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One of the questions people keep asking me since my entry into politics is what we can do about corruption. What would I do, one citizen recently asked me in an on-line chat, if I became the “concerned authority” to deal with corruption? In fact corruption is a national malaise and a social ill, not just one that a “concerned authority” can solve. We are all complicit—those who demand bribes and those who give them.
As one who has long urged an end to public apathy about politics, I was inspired by seeing the passion of Anna Hazare’s followers against corruption, which I share, and I have no doubt that during his mass movement, he touched a chord amongst millions of Indians. But we must remember that his supporters are not the only Indians who are disgusted by corruption. When many of his followers constituted the Aam Aadmi Party against his wishes, they could never quite come to terms with the fact that there are patriotic and principled Indians amongst their critics too, and that we must reach out to each other in good faith.
Anna Hazare’s movement persuaded Indians in general, and the political class eventually, that a strong Jan Lokpal (Citizen’s Ombudsman) is a key part of the answer. Parliament finally legislated the creation of a strong anti-corruption ombudsman, with genuine autonomy and authority and substantial powers of action. It is too early to judge how well it will work, or indeed whether the unintended consequence many feared—of creating a large, omnipotent and unaccountable supra-institution that could not be challenged, reformed or removed—has been belied. If the current governmental bodies tasked with investigation, vigilance, and audit are deemed to be insufficiently impervious to corruption, it is worth asking what guarantee there is that the new institution of Lokpal will not be infected by the same virus—and if so, what could be done about it, since it would literally be a law unto itself.
A number of related steps need to be taken to tackle corruption at its source. Campaign finance reform, simplification of laws and regulations, administrative transparency, and the reduction of discretionary powers enjoyed by officials and ministers, are all of the highest priority too. The Right to Information Act (RTI) was in fact the first step in this direction. A credible Lokpal will be another.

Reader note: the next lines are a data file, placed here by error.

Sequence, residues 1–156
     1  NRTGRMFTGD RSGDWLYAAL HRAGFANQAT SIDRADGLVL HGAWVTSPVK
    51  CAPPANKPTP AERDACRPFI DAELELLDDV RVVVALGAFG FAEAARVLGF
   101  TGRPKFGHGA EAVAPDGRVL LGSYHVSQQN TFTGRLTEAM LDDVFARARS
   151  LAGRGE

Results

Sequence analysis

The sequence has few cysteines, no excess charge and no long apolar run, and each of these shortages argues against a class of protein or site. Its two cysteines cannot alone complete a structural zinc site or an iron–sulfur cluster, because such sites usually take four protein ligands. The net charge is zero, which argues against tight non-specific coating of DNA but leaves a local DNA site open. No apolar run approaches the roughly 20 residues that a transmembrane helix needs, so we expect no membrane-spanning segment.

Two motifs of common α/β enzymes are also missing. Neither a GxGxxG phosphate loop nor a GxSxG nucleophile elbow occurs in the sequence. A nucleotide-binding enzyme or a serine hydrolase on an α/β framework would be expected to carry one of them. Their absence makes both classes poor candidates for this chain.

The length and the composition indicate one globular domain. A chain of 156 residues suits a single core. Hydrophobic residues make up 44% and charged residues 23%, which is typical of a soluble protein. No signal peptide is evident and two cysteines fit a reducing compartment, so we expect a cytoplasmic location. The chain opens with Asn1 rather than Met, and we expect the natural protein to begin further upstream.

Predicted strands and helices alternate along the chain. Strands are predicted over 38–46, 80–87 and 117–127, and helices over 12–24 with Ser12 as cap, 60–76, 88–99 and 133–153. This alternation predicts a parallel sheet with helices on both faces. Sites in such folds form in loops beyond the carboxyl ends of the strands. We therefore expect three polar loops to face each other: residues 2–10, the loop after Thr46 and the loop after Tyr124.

But one of the things that was highlighted by the Anna Hazare phenomenon is the extent to which corruption is a middle-class preoccupation, when in fact the biggest victims of corruption in our country are in fact the poor. For the affluent, corruption is at worst a nuisance; for the salaried middle-class, it can be an indignity and a burden; but for the poor, it is often a tragedy.
The saddest corruption stories I have heard are those where corruption literally transforms lives for the worse. There are stories about the pregnant woman turned away from a government hospital because she couldn’t bribe her way to a bed; the laborer denied an allotment of land that was his due because someone else bribed the patwari to change the land records; the pensioner denied the rightful fruits of decades of toil because he couldn’t or wouldn’t bribe the petty clerk to process his paperwork; the wretchedly poor unable to procure the BPL [“Below Poverty Line”] cards that certify their entitlement to various government schemes and subsidies because they couldn’t afford to bribe the issuing officer; the poor widow cheated of an insurance settlement because she couldn’t grease the right palms … the examples are endless. Each of these represents not just an injustice, but a crime, and yet the officials responsible get away with their exactions all the time. And all their victims are people living at or near a poverty line that’s been drawn just this side of the funeral pyre.